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Time to go for BP’s North Sea boss

Time to go for BP’s North Sea boss
One of the leading figures in the North Sea oil and gas business is to stand down.

One of the leading figures in the North Sea oil and gas business is to stand down.

BP confirmed yesterday that Dave Blackwood, 54, would retire early next year as head of its North Sea business based in Aberdeen, a post he has held for five years.

Mr Blackwood is currently overseas on holiday, but is thought to be planning to stay in the north-east after his retirement.

His successor will be Bernard Looney, a vice-president of BP’s North Sea business in Aberdeen.

He will take over in January.

Ireland-born Mr Looney, 38, is a graduate of University College, Dublin, in electrical engineering. He has been with BP since 1991.

Mr Blackwood is recognised as being among the main movers and shakers in the North Sea.

Among his achievements are bringing into production the Clair field west of Shetland and the Rhum find in the UK North Sea. He has also overseen the opening of the oil giant’s new North Sea headquarters at Dyce.

Malcolm Webb, chief executive of industry body Oil and Gas UK, said: “Dave Blackwood was one of the two founding co-chairmen of Oil and Gas UK. Dave’s vision and strong support was vital in assuring the successful launch of Oil and Gas UK and its expansion to encompass the UK’s world-class supply chain. But Dave’s contribution didn’t start there.

“He has played his part in a number of other roles including as a distinguished member of the team at BP, a member of the former Industry Leadership Team and a member of the government/industry forum known as Pilot.

“All his many friends and admirers within the industry wish him all the very best for the future.”

Keen Celtic fan Mr Blackwood, whose father was a dyer with British Silk Dyeing, at Balloch, studied at Glasgow University where he gained a BSc in electrical engineering. On graduating, he fancied becoming a pilot with British Airways, however, his hopes were dashed when he found out that the airline was not recruiting at that time.

He then joined oil service group Schlumberger as a field engineer and spent the next seven years in Aberdeen, Oman and then Kuwait.

In 1982, Mr Blackwood landed a job in Glasgow with Britoil, before it became part of BP.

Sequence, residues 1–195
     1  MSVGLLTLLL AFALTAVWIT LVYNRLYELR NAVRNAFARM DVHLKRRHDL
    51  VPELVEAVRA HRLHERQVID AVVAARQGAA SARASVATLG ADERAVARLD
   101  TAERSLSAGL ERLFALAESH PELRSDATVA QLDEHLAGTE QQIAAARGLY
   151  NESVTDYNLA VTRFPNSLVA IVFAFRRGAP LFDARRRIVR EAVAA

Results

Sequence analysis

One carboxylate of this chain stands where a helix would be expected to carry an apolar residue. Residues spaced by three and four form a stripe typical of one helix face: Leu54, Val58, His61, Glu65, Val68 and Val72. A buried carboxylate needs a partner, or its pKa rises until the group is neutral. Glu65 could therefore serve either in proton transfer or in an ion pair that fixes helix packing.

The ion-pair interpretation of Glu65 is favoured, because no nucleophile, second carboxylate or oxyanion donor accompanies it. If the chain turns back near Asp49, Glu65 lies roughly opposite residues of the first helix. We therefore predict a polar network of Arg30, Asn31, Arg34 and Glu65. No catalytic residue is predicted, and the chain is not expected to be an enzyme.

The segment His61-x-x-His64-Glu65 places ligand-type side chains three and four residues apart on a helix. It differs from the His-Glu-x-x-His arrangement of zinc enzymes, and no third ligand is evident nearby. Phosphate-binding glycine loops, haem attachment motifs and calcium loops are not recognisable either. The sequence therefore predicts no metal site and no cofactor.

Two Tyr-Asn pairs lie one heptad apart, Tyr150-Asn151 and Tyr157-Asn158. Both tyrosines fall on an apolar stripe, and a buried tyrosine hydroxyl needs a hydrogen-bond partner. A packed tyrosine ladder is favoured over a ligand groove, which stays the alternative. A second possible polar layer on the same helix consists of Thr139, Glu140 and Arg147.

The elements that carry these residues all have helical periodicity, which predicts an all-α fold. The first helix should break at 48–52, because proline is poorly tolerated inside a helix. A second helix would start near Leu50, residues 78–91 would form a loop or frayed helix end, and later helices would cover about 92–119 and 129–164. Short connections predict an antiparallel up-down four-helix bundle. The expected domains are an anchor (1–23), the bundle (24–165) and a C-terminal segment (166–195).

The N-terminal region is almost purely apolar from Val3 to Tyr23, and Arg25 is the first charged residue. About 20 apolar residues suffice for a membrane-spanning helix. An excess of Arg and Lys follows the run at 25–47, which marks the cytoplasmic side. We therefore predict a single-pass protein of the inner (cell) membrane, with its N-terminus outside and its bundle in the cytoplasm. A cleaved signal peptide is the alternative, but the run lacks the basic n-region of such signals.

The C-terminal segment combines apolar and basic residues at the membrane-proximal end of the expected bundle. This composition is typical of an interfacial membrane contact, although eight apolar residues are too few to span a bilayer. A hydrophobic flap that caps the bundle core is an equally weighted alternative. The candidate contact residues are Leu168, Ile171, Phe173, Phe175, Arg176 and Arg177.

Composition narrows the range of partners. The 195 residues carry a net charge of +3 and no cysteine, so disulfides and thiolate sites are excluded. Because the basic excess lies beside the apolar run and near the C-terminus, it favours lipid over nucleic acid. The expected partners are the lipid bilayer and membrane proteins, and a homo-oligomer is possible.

Over the next 11 years he did a variety of jobs before returning to Aberdeen as BP’s asset manager for the Eastern Trough Area Project (Etap). Etap linked seven central North Sea fields through a central processing platform.

He then went to Alaska for two years, to become BP’s business unit leader for the Kuparuk and Milne Point fields in the western north slope.

Mr Blackwood was posted to Houston in 2000 to be BP’s vice-president for deepwater developments in the Gulf of Mexico. That job lasted for three years, before his next post took him to Aberdeen.

BP said yesterday it was carrying out conceptual engineering studies to test the potential for further field development at Clair.

A spokeswoman in Aberdeen said: “We successfully drilled and tested three appraisal wells during 2006-07 and completed a 3D survey over the Ridge area.

“We have appointed Amec to begin the conceptual engineering studies, which will take us through to the end of 2009. This work programme, combined with the appraisal data we have acquired, will help the Clair partners to test the design concepts and reach a preferred option for further development.”

Clair had been one of the largest remaining undeveloped reservoirs in the UK continental shelf before production started in February 2005. The first stage of development – costing £650million – has estimated recoverable reserves of 250million barrels of oil, however, a further 4.75billion barrels remain to be tapped.

Mr Blackwood previously said a second phase for the Clair Ridge area could target a further 250-300million barrels of oil.

A standalone platform could be used, but the BP boss did not expect it to come on stream before at least 2012.

Clair was discovered in 1977, but was not brought into production until 2005 because of a variety of factors, including complex geology.

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